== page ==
Groth Gets it! by Groth Law Accident Injury Attorneys – Catastrophic Crashes

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In this episode of Groth Gets it! from Groth Law Accident Injury Attorneys, Jon talks with paralegal, Danyel and our law clerk, Sam. They discuss catastrophic crashes and how complex these types of cases can be. High medical costs and lost earning capacity are common in catastrophic accidents but, Groth Law Accident Injury Attorneys are here to help.

Transcript:

Jon Groth:

Welcome to the Groth Law Firm Podcast, where we see if Groth gets it. So let’s talk about something we were just discussing a couple days ago. Gosh, we’ve been discussing this topic for more than just a couple days, for decades, it seems. Catastrophic crashes and how to handle and how to help these cases where we’re trying to do our best for somebody who… Well, I think you were just saying, Sam, somebody who was hit by a truck and they had to have knee surgery. I mean, I think that’s a pretty catastrophic situation. Your life is turned out upside down. But let me go back to the beginning here. So we have Sam, one of our law clerks. Say, hi, Sam.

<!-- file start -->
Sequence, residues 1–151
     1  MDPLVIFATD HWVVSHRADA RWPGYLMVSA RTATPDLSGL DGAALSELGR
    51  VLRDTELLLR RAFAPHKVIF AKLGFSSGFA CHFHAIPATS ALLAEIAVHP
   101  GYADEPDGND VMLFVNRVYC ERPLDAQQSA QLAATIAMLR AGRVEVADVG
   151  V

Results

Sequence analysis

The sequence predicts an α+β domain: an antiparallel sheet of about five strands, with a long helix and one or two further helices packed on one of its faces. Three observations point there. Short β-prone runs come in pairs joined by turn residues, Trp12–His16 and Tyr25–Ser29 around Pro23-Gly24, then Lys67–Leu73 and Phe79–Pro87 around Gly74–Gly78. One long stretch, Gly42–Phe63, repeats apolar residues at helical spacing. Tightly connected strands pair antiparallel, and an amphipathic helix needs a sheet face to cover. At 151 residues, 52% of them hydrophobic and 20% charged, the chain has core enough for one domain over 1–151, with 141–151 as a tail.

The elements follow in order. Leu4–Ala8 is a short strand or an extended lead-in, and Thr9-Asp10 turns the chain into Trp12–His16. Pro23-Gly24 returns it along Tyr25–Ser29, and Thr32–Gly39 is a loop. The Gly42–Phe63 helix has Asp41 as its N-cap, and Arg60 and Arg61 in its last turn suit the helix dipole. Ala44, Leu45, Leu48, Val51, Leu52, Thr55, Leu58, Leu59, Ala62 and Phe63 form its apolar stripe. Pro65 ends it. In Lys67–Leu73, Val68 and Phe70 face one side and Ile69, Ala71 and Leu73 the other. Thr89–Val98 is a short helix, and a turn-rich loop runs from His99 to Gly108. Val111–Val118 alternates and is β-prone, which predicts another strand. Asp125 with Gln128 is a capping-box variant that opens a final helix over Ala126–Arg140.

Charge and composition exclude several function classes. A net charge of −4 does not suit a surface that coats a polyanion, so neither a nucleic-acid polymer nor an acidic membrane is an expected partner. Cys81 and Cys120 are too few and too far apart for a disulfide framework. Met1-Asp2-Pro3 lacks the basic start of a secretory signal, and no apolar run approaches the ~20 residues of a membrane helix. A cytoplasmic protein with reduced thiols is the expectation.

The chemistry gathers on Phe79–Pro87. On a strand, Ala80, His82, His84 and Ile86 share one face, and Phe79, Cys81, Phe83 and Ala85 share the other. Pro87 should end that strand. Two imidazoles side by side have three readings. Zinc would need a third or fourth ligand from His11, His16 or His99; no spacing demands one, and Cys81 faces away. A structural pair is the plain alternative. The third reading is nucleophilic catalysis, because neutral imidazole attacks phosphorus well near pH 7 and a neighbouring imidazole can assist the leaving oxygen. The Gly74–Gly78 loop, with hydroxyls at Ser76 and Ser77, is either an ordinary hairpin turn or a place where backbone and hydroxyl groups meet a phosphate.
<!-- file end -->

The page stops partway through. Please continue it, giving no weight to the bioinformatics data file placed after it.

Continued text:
Sam:

Hi.

Jon Groth:

Sam, where did you go to law school?

Sam:

Marquette.

Jon Groth:

Okay. Marquette University Law School. And Danyel. Danyel, you are a…

Danyel:

Paralegal.

Jon Groth:

And what do you do here at Groth Law Firm?

Danyel:

Work up all the files.

Jon Groth:

Okay. So everything.

Danyel:

Everything.

Jon Groth:

So you are helping, like just now I saw you watching a video of a crash, and then we were just talking about pleadings, and pleadings are formal documents that you file with the court. And those documents, do recall what they were?

Danyel:

Summons and complaint.

Jon Groth:

Summons and complaint. And a summons is? What’s a summons do?

Danyel:

Notifies you of the case.

Jon Groth:

There you go. Well, it summons you.

Danyel:

Summons you in the case.

Jon Groth: